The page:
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Old 11-27-2007, 10:44 AM   #16
matthewg42
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Registered: Oct 2003
Location: UK
Distribution: Kubuntu 12.10 (using awesome wm though)
Posts: 3,530

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If you want to use the new group, you can use su to start a new login shell. For example:
Code:
# First I create a user bob (I set the passwd too):
matthew% sudo useradd bob

# Then log in as bob and execute id to see my groups etc.
bob% id
uid=1001(bob) gid=1001(bob) groups=1001(bob)

# In my normal session I add bob to the audio group:
matthew% sudo usermod -aG audio bob

# Back in bob's shell this change isn't seen...
bob% id
uid=1001(bob) gid=1001(bob) groups=1001(bob)

# But I can use su to create a new login shell as a child of the original shell.
# This new login shell will have the new group seting:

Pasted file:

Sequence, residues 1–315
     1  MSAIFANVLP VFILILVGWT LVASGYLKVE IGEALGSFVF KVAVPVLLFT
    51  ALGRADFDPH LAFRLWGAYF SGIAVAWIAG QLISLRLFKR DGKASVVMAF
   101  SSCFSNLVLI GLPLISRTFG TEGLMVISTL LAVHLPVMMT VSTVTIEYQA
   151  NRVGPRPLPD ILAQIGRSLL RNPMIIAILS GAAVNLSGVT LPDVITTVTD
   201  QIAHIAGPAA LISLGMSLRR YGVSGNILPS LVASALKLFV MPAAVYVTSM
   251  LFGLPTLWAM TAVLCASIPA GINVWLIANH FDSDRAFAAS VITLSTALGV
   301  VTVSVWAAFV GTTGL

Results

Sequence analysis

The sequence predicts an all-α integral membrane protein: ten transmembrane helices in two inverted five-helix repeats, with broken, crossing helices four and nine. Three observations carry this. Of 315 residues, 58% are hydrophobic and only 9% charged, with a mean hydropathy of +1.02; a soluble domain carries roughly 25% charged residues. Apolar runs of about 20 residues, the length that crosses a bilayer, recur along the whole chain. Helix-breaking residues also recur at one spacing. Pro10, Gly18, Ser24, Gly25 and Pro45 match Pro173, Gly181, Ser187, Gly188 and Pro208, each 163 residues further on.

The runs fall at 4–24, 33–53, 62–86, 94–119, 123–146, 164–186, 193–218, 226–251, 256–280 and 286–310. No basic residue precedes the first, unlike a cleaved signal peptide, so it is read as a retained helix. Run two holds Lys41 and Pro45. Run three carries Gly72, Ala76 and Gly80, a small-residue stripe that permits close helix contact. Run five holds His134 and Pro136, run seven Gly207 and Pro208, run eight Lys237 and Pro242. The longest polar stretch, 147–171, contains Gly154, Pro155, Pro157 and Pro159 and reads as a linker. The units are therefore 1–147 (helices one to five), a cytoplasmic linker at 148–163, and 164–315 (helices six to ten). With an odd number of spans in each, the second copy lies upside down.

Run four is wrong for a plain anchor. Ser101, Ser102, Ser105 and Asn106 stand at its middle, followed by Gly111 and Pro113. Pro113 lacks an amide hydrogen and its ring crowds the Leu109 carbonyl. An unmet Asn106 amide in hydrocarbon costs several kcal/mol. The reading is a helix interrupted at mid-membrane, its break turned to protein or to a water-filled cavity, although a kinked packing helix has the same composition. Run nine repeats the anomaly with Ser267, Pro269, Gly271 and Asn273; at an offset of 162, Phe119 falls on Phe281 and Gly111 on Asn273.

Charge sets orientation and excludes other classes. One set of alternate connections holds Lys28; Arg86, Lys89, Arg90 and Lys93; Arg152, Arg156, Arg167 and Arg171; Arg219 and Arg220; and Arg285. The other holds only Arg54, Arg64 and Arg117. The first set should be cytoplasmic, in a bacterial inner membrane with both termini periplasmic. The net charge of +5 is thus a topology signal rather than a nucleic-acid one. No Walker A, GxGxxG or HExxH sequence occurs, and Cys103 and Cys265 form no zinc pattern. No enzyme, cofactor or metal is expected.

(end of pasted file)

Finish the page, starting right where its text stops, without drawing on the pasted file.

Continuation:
bob% su - bob
bob% id
uid=1001(bob) gid=1001(bob) groups=29(audio),1001(bob)

# When bob closes the shell with exit, he goes back to the parent shell, without
# the new group:
bob% exit
bob% id
uid=1001(bob) gid=1001(bob) groups=1001(bob)
The point is that you can use su to temporarily get the new group setting without having to log out and log back in again...
 
Old 05-29-2010, 12:02 AM   #17
secretsharer
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Registered: May 2010
Posts: 1

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solution:

sudo chmod 4755 /bin/chgrp
sudo chgrp root /bin/chgrp (just to be safe)

Last edited by secretsharer; 05-29-2010 at 12:17 AM. Reason: security
 
  


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